221 2.0.0 Bye
Connection closed by foreign host.

Example for the "port 587" (submission) service. This service
is not enabled by default.

$ openssl s_client -quiet -starttls smtp -connect server.example.com:587
[TLS handshake information deleted]
250 DSN
ehlo client.example.com
250-server.example.com
250-PIPELINING
250-SIZE 10240000
250-AUTH LOGIN PLAIN
250-AUTH=LOGIN PLAIN
250-ENHANCEDSTATUSCODES
250-8BITMIME
250 DSN
quit
221 2.0.0 Bye

Not affected is the ANONYMOUS authentication mechanism, but this
should not be enabled as it can make an SMTP server an open relay.

Workarounds
===========

Disable Cyrus SASL authentication mechanisms for the Postfix SMTP
server other than PLAIN and LOGIN. The mechanisms are specified in
a Cyrus SASL smtpd.conf configuration file. This file may be found
in /etc/postfix/sasl/, /var/lib/ sasl2/, /etc/sasl2/, /usr/lib/sasl2/
or /usr/local/lib/sasl2/.

In this file, update the "mech_list:" entry and remove any methods
other than PLAIN and LOGIN. For example, this configuration is not
affected:

mech_list: PLAIN LOGIN

Execute the command "postfix reload" to make the change effective,
then verify that the "port 25" and "port 587" services no longer
announce other SASL mechanisms, as shown in the previous section.

Technical details
=================

The Postfix SMTP server creates a SASL handle for each SMTP session,
when SASL authentication is enabled. The Postfix SMTP server will
use this SASL handle until it closes the SMTP connection (the Postfix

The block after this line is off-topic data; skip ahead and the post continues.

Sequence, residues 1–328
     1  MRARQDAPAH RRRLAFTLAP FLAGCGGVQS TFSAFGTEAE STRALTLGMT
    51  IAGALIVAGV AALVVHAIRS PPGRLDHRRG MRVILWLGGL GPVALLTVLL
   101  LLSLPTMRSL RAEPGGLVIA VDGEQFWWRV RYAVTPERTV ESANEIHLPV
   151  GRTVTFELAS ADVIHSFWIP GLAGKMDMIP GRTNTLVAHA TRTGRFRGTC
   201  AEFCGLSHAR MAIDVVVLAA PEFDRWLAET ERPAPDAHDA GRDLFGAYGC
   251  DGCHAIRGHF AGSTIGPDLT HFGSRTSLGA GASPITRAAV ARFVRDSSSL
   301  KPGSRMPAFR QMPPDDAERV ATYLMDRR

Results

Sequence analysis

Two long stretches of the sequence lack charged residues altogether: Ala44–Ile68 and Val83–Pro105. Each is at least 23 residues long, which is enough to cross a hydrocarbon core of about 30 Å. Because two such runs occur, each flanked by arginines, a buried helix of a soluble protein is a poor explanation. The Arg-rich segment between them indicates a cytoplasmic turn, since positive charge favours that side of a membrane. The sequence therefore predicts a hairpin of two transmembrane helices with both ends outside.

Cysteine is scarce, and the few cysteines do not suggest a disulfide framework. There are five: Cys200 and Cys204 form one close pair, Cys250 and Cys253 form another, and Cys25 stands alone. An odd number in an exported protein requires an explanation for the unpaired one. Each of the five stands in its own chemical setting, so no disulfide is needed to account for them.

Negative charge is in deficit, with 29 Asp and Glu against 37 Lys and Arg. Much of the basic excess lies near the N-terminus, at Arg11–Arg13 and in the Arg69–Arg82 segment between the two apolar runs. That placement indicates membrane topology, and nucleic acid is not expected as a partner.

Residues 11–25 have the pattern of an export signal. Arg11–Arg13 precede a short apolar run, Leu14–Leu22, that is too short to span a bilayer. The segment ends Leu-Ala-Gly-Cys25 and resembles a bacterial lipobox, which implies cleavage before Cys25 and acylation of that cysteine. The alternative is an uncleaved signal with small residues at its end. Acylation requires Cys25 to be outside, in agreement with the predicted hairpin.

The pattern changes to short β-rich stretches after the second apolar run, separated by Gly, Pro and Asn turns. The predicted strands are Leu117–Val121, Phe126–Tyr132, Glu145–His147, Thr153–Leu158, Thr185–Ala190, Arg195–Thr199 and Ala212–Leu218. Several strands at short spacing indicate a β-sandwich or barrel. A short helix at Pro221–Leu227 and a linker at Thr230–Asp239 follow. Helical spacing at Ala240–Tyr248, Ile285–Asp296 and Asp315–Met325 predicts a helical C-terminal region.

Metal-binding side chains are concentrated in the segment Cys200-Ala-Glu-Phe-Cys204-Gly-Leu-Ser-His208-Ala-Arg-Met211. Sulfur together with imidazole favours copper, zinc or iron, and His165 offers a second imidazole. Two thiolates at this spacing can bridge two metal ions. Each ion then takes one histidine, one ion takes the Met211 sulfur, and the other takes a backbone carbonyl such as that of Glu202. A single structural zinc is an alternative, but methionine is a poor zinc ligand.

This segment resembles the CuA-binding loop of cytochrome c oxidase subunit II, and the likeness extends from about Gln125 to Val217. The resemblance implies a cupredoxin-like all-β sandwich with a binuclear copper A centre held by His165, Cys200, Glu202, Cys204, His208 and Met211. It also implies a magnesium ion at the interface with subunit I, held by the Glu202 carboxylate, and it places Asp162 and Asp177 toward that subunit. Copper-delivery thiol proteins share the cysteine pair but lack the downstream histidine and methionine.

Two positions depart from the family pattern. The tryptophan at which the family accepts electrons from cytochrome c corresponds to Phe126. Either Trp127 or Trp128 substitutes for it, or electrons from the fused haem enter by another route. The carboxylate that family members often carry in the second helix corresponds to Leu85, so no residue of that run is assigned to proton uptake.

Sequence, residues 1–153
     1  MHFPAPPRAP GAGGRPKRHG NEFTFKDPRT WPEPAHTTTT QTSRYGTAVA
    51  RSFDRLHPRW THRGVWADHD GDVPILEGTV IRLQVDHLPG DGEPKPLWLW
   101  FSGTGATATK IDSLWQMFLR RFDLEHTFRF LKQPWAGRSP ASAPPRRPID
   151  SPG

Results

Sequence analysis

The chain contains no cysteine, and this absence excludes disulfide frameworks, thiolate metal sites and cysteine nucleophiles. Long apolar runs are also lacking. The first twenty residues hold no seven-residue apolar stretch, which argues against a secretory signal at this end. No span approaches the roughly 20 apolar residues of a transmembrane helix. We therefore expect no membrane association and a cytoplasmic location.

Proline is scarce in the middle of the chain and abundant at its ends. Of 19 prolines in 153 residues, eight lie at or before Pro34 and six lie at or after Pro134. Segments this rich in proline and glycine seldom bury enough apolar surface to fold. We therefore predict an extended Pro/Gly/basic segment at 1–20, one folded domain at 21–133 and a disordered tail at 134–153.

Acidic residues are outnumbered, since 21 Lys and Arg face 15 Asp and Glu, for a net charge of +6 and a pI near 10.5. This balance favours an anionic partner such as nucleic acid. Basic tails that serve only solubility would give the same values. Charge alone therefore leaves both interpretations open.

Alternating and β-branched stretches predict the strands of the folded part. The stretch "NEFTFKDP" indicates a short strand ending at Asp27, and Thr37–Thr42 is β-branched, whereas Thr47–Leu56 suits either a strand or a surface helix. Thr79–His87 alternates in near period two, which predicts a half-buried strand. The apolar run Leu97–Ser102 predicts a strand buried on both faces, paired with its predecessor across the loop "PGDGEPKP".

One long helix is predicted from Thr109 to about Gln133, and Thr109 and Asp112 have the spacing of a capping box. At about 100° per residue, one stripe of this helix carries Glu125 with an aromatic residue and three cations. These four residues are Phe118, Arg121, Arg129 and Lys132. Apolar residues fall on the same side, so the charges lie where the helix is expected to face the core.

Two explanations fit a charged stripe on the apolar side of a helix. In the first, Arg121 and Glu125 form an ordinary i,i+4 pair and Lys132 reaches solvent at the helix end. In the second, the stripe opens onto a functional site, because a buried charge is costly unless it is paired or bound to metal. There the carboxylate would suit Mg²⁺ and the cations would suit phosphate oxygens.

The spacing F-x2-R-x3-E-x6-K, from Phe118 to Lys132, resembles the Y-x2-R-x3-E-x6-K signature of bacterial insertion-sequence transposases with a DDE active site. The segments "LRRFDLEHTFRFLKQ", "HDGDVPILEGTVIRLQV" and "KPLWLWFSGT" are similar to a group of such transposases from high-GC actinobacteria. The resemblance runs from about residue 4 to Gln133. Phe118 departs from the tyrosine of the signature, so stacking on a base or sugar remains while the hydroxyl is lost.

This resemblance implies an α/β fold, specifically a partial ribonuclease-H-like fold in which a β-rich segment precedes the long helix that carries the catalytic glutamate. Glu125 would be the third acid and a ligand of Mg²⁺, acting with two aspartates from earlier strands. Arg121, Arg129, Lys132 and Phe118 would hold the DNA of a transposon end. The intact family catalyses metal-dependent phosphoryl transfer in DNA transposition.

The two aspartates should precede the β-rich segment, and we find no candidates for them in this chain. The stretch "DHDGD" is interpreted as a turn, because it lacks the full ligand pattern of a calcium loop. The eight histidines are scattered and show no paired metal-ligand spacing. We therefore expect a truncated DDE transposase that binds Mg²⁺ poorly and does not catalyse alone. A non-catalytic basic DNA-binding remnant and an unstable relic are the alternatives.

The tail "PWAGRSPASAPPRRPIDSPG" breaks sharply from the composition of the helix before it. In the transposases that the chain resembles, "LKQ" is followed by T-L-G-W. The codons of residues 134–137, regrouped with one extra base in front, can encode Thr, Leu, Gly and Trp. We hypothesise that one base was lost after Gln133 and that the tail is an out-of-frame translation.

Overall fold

SMTP server may create a new server SASL handle when the client and
server agree to switch from a plaintext session to a TLS-encrypted
session, but this does not eliminate the memory corruption problem).

According to a comment in a Cyrus SASL include source file, a server
must not reuse a Cyrus SASL server handle after client authentication
failure. Instead, a server must create a new Cyrus SASL server
handle including mechanism list, before processing another client
authentication request.

The Postfix SMTP server fails to create a new Cyrus SASL server
handle after authentication failure. This causes memory corruption
when, for example, a client requests CRAM-MD5 authentication, fails
to authenticate, and then invokes some other authentication mechanism
except PLAIN (or ANONYMOUS if available). The likely outcome is
that the Postfix SMTP server process crashes with a segmentation
violation error (SIGSEGV, a.k.a. signal 11).

In the following example, S: indicates server output and C: indicates
client input. Line numbers are prepended for reference in the